This is an ambitious aural excursion that you really owe it to yourself to experience. But be warned, this isn’t your typical singer-songwriter verse-chorus-verse stuff. Bill Caskey’s Dymaxion Mothership takes the listener on a complex journey across a lush audio landscape that ranges from contemplative voice and piano to full-on multi-instrumental madness. Some parts are complex and challenging, while other bits are… well… as Buddy Guy once put it, “so funky you can smell it.” Tempo changes are around every corner and the production is superb. Bill’s lyrics are chock full of quirky wit and introspective wordsmanship, creatively weaving imaginative tales of love and life; dreams, a small town in the summertime, and dogs chasing dragonflies. The overall result is a carefully crafted musical journey that’s anything but ordinary.
“My doggie like to chase dem dinosaurs
She plays for sport even though she never scores
Barn swallows hunting bugs in the springtime
She jumps up and tries to utilize her hang time
Barn swallows slip and glide
Doggie tongue hangin’ out the side…”
Musical similarities? Sure, some of the obvious influences creep in here and there… “Hey Alligator” has an undeniable Steeler’s Wheel feel about it (remember those guys?), “Biggest Heart” could have been on Wally De Backer’s (Gotye) last album, and echoes of old school Steely Dan linger throughout… but the final outcome is all of these things… and yet none of them actually. Dymaxion Mothership is an intensely rich and remarkably satisfying original musical experience. Climb aboard the Mothership… it’s an outing you don’t want to miss.
In case you didn’t know (shame on you!), The Relations (including Bill Caskey) put on a July concert at Central Library featuring material from Dymaxion Mothership. The concert is now up in its entirety on KPL’s YouTube channel and our Concert Archives page.
If you do one thing this Wednesday night, that thing should be coming to see The Relations play the KPL Concert Series at 7 p.m. at the Central Library. But if by chance to have the ability to split yourself in two and be in two places at once, be aware that the Rave City Place 14 Theater will be one of the select theaters nationwide to screen Shut Up And Play The Hits a documentary and concert film about LCD Soundsystem's final show at Madison Square Garden.
The scenes in the film that show the end of the final show in which members of the audience and band are standing around in a wierd kind of dispair absolutely reek of first world problems to me (see minute 1:50 in the trailer), but I did love LCD Soundsystemand will want to see the film when it comes to the library's collection after it is released on DVD. So come see local live music at KPL from The Relations on Wednesday night...the movie theater would probably be freezing cold anyway, and those seats are not THAT comfortable, and popcorn costs so much...
Sound of Silver
Frankie Valli and the Four (4) Seasons made their mark on the popular music charts in the early 1960’s, combining heavily orchestrated melodies with doo-wop vocal harmonies. With his broad vocal range and unmistakable pipes, Valli helped the group score hit after hit, including such pop standards (aka “oldies”) as Big Girls Don’t Cry, Sherry, Walk Like a Man, Dawn (Go Away), Ronnie, The Sun Ain’t Gonna Shine Anymore, and Working My Way Back To You. Recent interest in the group has come about recently due to the success of the Broadway production of Jersey Boys. Check out Frankie Valli and the 4 Seasons: The Definitive Pop Collection for an introduction to their timeless hits.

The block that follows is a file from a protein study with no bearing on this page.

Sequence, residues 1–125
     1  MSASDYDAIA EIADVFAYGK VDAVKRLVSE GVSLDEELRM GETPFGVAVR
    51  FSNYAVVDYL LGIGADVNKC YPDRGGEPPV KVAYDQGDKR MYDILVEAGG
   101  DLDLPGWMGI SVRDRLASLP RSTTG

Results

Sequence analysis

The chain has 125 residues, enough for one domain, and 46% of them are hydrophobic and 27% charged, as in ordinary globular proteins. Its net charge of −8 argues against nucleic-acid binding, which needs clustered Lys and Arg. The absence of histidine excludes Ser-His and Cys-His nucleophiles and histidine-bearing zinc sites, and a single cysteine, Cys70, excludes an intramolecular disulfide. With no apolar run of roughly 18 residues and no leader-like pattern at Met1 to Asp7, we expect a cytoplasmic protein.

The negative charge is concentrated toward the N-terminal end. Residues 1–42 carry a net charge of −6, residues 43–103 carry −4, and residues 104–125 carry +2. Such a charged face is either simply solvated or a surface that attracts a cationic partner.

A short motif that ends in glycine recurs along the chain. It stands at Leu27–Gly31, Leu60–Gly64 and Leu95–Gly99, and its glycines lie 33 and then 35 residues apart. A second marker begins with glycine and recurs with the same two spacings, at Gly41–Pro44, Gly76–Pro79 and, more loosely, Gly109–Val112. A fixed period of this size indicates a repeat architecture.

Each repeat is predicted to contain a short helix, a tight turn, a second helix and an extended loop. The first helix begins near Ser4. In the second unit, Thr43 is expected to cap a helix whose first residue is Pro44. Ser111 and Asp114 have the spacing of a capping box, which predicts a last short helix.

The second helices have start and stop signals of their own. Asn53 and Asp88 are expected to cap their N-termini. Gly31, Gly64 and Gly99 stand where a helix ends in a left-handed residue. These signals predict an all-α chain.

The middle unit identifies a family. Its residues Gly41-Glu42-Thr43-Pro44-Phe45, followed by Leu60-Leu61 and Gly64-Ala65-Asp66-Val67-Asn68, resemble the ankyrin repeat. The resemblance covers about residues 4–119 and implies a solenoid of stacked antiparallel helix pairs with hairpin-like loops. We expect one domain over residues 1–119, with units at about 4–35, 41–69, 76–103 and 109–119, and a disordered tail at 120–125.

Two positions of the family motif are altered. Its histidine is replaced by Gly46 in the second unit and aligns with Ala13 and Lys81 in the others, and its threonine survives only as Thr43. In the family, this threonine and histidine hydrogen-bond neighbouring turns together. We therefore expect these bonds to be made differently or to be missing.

Frankie Valli and the 4 seasons
Otis Redding wrote it, but Aretha Franklin owned it – “Respect”, one of the biggest radio and jukebox sensations of 1967, topped both Billboard Hot 100 and Hot R’n’B charts mid-year, reigning supreme on the latter for almost two months. The track cemented the Detroit native’s standing as the “Queen of Soul”, proving its potency as both a civil rights anthem and a dance floor phenomenon.
The Big O’s original Stax version, framed simply as a lover’s question, is a classic in its own right. Pleading being one of Redding’s strongest suits as a vocalist, it’s only natural that his request for “respect when I come home” is less demanding than begging, a “need” that he’s “gotta, gotta have”, never sounding sure that he’s going to get satisfaction as the track fades.
Aretha’s having none of that in her updated NYC arrangement, featuring infectious girl-group vocal support from her sisters Carolyn and Erma, as well as a sweet King Curtis sax break. Standing the nature of the lyric on its head, her assertion that “what you want, baby, I got it” is shouted out with absolute confidence. Adding a lyric not found in Redding’s version, Franklin drives the point home by spelling out “R-E-S-P-E-C-T”, in case it wasn’t clear, adding “find out what it means to me” as an emphatic imperative. The lover’s question has become a statement of purpose, writ large enough to put not just one person on notice, but any and every person within earshot.
"Respect”’s cultural resonance was immediate and lasting. The song’s refrains of “sock it to me” and “TCB” became all-American catch phrases overnight. In addition to earning numerous awards and consistently high rankings on critics’ “greatest songs” lists, it was among the first 25 recordings to be included in the Library of Congress’s National Recording Registry in 2002. A signature song of the civil rights movement, the feminist movement, and Aretha’s storied career, “Respect” deserves all its accolades, truly getting what it’s after play after play.
I Never Loved a Man the Way I Love You